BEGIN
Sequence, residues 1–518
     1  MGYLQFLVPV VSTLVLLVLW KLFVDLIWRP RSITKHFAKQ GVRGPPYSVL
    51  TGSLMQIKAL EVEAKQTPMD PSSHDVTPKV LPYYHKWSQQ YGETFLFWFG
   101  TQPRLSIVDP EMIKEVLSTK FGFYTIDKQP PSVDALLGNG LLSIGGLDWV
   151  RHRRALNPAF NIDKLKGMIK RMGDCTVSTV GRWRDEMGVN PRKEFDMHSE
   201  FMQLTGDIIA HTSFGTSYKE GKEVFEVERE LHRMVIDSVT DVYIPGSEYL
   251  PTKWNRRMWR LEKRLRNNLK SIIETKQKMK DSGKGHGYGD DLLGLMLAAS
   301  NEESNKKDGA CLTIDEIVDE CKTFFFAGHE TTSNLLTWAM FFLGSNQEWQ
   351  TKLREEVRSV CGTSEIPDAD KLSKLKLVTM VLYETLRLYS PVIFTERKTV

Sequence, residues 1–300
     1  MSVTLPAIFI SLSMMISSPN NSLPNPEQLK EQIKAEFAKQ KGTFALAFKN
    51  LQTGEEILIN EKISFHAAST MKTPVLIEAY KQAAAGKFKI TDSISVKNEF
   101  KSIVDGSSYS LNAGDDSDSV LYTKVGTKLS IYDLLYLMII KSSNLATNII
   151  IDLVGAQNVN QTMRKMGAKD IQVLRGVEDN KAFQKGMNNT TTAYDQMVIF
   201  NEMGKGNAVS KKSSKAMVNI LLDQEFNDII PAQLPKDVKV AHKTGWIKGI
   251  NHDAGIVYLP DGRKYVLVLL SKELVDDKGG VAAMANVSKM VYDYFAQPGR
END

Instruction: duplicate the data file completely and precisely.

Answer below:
Sequence, residues 1–518
     1  MGYLQFLVPV VSTLVLLVLW KLFVDLIWRP RSITKHFAKQ GVRGPPYSVL
    51  TGSLMQIKAL EVEAKQTPMD PSSHDVTPKV LPYYHKWSQQ YGETFLFWFG
   101  TQPRLSIVDP EMIKEVLSTK FGFYTIDKQP PSVDALLGNG LLSIGGLDWV
   151  RHRRALNPAF NIDKLKGMIK RMGDCTVSTV GRWRDEMGVN PRKEFDMHSE
   201  FMQLTGDIIA HTSFGTSYKE GKEVFEVERE LHRMVIDSVT DVYIPGSEYL
   251  PTKWNRRMWR LEKRLRNNLK SIIETKQKMK DSGKGHGYGD DLLGLMLAAS
   301  NEESNKKDGA CLTIDEIVDE CKTFFFAGHE TTSNLLTWAM FFLGSNQEWQ
   351  TKLREEVRSV CGTSEIPDAD KLSKLKLVTM VLYETLRLYS PVIFTERKTV

Sequence, residues 1–300
     1  MSVTLPAIFI SLSMMISSPN NSLPNPEQLK EQIKAEFAKQ KGTFALAFKN
    51  LQTGEEILIN EKISFHAAST MKTPVLIEAY KQAAAGKFKI TDSISVKNEF
   101  KSIVDGSSYS LNAGDDSDSV LYTKVGTKLS IYDLLYLMII KSSNLATNII
   151  IDLVGAQNVN QTMRKMGAKD IQVLRGVEDN KAFQKGMNNT TTAYDQMVIF
   201  NEMGKGNAVS KKSSKAMVNI LLDQEFNDII PAQLPKDVKV AHKTGWIKGI
   251  NHDAGIVYLP DGRKYVLVLL SKELVDDKGG VAAMANVSKM VYDYFAQPGR